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to continue with bad behavior. >> do you agree? >> you know, i certainly agree with the ranking member, mr. mccall, that there has to be cons consequences to action, there's got to be some reciprocity. we saw the trump administration, how they just essentially let russia do whatever they wanted. so we're starting at that point, and, again, i think the biden administration certainly will consider what reciprocal actions are proportionate. >> the approach still verify, then trust, right? >> exactly. >> so the nato is about to get under way tomorrow. biden wrapping up g-7. there seemed to be a collective sigh of relief during the g-7 summit, and even expressed relief from some leaders who have said it's good to see the u.s. is back and it looks like there will be some real
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cooperation. do you consider this to have been a very important reset and how might this assist the u.s. on a global stage? >> absolutely, i think the g-7 summit was a success for the biden administration. you saw president macron and others talk about the u.s. is back, and, you know, i think the communique really does outline a lot of victories, not just for us, but for democratic values, and in that communique you see the term values and i think coalitions are coming together around values of democracy, human rights, free markets and the rule of law. and, you know, that's a restoration of the trans-atlantic relationship you've seen in the previous months of the administration, restoring -- the state visits by prime minister suga from japan. this is a very ambitious policy agenda but they've got to repair
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the damage that was done under the trump administration where it was a go it alone. >> let me shift gears, speaking of the trump administration. now published reports, and sources have come out talking about the department of justice looking into leakers, looking into it's own administration, looking into members of congress to find out who knew what when, where, the retrieval of phone numbers and information about a number of members of congress, even a minor. where are you on this and do you believe, indeed, that any kind of subpoena of the attorneys general barr, or sessions, will bear any fruit? >> you know, i think these were outrageous actions, and another piece of evidence of the abuse of power of the trump administration. how we looked at the justice department as his own personal vigilante, his own personal lawyers, i'm glad that the --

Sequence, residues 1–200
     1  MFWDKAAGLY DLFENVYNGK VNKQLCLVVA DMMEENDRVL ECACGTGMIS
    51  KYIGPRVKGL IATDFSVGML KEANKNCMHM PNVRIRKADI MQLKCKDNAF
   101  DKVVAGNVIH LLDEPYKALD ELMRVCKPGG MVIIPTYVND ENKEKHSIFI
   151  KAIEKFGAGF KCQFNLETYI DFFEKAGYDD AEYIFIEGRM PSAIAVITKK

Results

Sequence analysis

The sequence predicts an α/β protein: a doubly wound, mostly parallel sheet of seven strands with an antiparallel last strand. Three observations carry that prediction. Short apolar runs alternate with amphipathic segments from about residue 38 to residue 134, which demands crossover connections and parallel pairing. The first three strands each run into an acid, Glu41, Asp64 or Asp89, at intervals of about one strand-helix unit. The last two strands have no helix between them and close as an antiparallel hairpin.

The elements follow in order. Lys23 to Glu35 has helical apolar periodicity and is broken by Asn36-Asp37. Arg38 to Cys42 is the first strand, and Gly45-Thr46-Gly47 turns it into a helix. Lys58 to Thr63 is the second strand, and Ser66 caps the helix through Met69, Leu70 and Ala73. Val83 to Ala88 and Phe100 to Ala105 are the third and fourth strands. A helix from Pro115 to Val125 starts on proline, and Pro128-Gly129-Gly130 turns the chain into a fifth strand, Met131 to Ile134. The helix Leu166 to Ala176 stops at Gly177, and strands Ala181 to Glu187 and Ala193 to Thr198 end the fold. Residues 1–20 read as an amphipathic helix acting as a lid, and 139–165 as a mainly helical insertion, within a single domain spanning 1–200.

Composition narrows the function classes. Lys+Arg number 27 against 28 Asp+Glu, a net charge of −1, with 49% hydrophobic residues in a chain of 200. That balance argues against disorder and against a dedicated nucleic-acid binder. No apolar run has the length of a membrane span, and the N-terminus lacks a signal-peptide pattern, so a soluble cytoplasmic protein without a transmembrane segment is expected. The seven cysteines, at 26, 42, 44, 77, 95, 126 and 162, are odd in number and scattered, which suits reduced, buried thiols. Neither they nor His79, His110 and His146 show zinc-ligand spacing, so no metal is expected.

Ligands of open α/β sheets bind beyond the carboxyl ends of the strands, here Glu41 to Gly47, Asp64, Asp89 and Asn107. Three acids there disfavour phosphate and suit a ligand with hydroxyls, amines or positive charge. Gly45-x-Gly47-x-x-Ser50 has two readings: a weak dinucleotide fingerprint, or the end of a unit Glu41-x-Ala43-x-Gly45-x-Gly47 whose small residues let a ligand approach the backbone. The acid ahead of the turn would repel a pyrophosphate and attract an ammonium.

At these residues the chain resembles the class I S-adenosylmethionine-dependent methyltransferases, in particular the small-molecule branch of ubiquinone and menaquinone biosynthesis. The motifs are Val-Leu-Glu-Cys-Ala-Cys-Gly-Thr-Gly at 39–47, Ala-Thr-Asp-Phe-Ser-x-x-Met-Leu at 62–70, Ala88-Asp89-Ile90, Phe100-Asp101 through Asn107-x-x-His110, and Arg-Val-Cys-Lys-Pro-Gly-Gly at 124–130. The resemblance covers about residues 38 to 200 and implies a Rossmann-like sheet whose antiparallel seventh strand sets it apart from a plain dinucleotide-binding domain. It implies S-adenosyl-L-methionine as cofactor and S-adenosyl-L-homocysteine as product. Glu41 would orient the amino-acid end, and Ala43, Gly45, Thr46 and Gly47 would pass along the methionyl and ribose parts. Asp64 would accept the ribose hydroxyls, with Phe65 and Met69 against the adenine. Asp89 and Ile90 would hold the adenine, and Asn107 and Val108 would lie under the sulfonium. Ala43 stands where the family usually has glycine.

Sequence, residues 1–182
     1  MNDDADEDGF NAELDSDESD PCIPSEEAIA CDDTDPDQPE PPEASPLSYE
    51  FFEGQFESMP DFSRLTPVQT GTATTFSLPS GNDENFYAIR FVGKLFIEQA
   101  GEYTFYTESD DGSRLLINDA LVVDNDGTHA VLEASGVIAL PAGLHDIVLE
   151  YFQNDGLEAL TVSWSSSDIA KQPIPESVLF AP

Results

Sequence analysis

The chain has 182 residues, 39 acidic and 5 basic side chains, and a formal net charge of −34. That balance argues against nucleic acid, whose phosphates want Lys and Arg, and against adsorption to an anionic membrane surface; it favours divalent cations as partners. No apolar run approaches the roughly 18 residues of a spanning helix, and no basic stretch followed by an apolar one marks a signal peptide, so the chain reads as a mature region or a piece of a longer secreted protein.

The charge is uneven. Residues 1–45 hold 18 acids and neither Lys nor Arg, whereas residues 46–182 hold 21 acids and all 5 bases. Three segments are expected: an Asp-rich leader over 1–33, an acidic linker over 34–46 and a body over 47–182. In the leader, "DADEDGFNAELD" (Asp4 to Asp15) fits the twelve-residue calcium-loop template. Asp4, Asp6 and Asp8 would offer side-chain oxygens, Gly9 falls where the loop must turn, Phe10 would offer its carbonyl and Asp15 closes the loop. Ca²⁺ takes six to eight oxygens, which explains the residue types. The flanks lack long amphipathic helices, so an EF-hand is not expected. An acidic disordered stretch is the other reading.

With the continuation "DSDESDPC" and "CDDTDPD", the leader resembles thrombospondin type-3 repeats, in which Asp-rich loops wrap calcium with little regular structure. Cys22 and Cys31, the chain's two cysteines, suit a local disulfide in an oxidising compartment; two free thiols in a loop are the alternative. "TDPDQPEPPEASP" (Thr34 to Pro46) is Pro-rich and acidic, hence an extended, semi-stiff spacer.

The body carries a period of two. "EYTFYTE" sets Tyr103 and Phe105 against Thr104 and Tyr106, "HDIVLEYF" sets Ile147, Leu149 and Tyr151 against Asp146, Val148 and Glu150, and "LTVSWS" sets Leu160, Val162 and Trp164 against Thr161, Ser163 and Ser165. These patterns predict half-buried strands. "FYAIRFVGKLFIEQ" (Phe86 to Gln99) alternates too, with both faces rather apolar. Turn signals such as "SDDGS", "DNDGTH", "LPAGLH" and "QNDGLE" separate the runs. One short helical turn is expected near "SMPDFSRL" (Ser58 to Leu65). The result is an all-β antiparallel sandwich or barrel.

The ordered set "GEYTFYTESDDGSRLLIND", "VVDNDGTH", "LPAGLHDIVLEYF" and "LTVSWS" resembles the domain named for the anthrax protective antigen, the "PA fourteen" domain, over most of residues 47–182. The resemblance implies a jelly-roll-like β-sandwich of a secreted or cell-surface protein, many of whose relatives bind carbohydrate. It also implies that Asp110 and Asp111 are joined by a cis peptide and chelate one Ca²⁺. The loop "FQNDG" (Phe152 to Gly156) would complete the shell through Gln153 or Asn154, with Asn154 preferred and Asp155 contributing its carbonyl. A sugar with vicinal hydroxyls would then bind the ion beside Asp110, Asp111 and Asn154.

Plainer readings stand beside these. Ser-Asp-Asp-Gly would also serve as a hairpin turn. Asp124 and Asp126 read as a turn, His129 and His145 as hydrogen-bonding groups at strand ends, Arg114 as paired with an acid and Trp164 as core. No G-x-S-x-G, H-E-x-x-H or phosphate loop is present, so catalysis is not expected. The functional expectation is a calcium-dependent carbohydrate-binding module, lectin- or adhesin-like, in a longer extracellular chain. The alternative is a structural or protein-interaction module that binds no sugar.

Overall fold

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that attorney general garland is having the inspector general take a look at this. i certainly hope the senate judiciary that said they're going to take -- the way they investigate this. we've got to get to the bottom of this and, you know, i can't imagine that there's any way that attorney general sessions or attorney general barr didn't know what was going on if, in fact, this was happening. and, you know, we've got to hold them accountable. i would be open to subpoenaing them and having them testify. >> congressman, we'll leave it there for now, good to see you, thank you so much. >> thank you. and breaking news we're following out of israel, historic change of power, benjamin netanyahu out as prime minister. so how stable is this new coalition? and how will it affect israel's relationship with the united states? every day unilever does good for communities across america.
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we've got breaking news out of israel, after 12 years in power benjamin netanyahu is out as prime minister of israel. the razor thin vote happening just a short time ago, taking over is a coalition, led by netanyahu's own former chief of staff naftali bennett. addressing israel's parliament bennett defended his wide-ranging coalition. >> translator: two times in our history we lost our jewish home exactly because leaders of the previous generation refused to sit with one another. i am proud to sate with people with different opinions at the decisive moment we took responsibility, we took responsibility. >> let's bring in aaron david miller, a former middle east peace negotiator, and he spent more than two decades working in the u.s. state department under several presidents.